American Magic

Particles of headlight casing from an SUV that rear-ended a Triple-A van showered my front window. I considered stopping. I looked to my left through the driver’s window and saw Big-Guy in the Yukon cursing over loud music. The Triple-A van hovered into the juncture softly to a stop and Thin-Man with a baseball cap stepped out as my car passed his on the right. I was relieved to see both were ok albeit pissed as hell. I drove on, parked downhill at a free two-hour metered spot and headed to pledge allegiance to a nation.

The US County Court in Springfield Massachusetts USA was a large white modern building in the midst of one of the poorest cities in the country. Glass walls let the clear sunny afternoon blue sip in and the AC roared in defiance like a rocket tearing gravity. I landed on a metal folding chair in the second row of five half-moons surrounding a large flag of red, blue and white.

“One small step for man.” I thought.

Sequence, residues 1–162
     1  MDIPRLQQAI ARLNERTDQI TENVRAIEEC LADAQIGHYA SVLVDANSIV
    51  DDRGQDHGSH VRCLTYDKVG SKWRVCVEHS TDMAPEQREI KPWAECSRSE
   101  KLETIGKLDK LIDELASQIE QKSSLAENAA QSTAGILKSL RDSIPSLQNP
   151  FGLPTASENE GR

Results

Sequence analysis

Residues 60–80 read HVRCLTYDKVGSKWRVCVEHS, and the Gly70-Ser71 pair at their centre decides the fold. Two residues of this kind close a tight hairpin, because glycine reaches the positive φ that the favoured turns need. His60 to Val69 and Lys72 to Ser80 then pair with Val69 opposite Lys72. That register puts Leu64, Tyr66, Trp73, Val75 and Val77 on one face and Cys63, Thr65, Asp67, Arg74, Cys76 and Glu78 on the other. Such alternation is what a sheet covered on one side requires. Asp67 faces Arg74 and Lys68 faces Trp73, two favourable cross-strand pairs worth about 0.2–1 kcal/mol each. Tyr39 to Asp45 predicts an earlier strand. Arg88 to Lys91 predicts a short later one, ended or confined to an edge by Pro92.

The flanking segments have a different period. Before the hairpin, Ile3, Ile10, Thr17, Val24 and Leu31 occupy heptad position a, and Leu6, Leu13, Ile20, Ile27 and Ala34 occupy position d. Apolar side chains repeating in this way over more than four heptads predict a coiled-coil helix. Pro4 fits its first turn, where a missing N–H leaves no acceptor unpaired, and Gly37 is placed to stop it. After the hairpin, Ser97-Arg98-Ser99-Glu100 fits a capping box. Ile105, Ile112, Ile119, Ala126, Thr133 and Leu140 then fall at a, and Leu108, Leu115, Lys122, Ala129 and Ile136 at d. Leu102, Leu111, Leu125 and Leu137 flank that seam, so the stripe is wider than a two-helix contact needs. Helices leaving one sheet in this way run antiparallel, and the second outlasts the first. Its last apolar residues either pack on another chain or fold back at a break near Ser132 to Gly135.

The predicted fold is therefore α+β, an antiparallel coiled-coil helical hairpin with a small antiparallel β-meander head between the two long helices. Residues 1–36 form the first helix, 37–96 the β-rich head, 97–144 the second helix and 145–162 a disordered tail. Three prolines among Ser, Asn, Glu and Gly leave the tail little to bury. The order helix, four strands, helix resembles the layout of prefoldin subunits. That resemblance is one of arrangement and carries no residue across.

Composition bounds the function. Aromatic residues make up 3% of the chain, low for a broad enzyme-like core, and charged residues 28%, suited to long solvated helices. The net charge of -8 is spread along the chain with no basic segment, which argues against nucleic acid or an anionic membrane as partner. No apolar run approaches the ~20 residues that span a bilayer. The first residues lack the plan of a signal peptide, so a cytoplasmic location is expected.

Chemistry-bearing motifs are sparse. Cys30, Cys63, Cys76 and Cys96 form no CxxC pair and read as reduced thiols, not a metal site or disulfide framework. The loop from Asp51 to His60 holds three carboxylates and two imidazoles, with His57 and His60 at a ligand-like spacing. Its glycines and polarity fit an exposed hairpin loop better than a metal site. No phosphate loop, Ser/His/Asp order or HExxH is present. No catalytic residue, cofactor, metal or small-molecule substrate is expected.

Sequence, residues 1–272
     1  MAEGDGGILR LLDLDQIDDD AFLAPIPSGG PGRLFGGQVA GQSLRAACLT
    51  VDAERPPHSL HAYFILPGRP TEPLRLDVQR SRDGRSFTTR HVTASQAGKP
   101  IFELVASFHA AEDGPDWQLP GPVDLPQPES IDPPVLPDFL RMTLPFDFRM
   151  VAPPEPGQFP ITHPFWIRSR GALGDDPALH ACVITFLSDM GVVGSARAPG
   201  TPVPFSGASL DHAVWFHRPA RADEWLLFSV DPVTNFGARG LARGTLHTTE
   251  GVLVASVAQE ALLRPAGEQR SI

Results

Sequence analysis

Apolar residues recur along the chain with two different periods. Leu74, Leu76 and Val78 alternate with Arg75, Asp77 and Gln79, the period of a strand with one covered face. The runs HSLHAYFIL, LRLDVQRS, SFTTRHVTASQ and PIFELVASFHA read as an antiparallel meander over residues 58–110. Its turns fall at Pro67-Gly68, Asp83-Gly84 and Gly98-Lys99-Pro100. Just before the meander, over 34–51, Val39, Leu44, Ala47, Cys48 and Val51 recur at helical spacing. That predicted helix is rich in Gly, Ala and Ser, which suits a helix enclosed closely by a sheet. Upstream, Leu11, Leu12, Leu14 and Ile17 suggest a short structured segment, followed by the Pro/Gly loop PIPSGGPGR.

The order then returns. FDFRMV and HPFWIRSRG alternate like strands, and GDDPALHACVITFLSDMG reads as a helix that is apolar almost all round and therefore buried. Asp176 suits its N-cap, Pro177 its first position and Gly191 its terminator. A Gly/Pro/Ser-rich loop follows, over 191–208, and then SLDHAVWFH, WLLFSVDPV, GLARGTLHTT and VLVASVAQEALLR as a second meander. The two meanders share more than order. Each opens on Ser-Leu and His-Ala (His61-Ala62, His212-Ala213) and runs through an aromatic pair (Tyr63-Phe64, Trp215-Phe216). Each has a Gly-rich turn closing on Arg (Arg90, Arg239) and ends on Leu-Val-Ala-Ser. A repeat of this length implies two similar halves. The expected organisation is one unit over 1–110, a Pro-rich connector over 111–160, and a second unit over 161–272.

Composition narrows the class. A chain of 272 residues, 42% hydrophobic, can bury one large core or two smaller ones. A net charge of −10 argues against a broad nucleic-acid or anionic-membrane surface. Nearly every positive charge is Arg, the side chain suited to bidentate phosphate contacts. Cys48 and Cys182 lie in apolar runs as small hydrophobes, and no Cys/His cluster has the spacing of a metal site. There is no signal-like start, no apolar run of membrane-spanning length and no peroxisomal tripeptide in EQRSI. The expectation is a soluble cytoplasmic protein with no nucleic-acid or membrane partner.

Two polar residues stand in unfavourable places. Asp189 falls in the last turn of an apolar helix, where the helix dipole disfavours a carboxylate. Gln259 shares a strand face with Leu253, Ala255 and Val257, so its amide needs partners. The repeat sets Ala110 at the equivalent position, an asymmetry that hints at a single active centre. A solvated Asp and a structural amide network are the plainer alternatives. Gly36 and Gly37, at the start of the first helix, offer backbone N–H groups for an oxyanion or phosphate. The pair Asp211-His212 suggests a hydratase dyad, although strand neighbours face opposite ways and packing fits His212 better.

It’s been a long process to become a citizen. Fourteen years of student visa, optional practical training work extension, visa sponsorship-via-employment, artist visa then green-card. Slack lawyers, extensive repetitive documentation, interviews and tests (name one native american tribe? what is the role of the president? what is the bill of rights?) A few months before I attended an immigration facility to give biometrics data (finger prints, retina imprint, photograph). The sign at the door said “No Drinking No Eating No Cellphone No Computer No Music No Flip-flops” ; “Sit here.” a guard pointed at another metal chair, my docile mind complied and my pining heart yearned for freedom, happiness and equality, saying “Yes. for that, I will hunch my body and sit silently waiting for my turn to have my biology metered.” Had the season of the docile classroom of No ended? Was this ceremony the graduation into the Yes? I look around and imagine the unimaginable journeys the black, brown, yellow, red and all the in-between-hued-skin women and men around me have traversed, their glistening eyes say “Will we be treated well? Will we be safe?”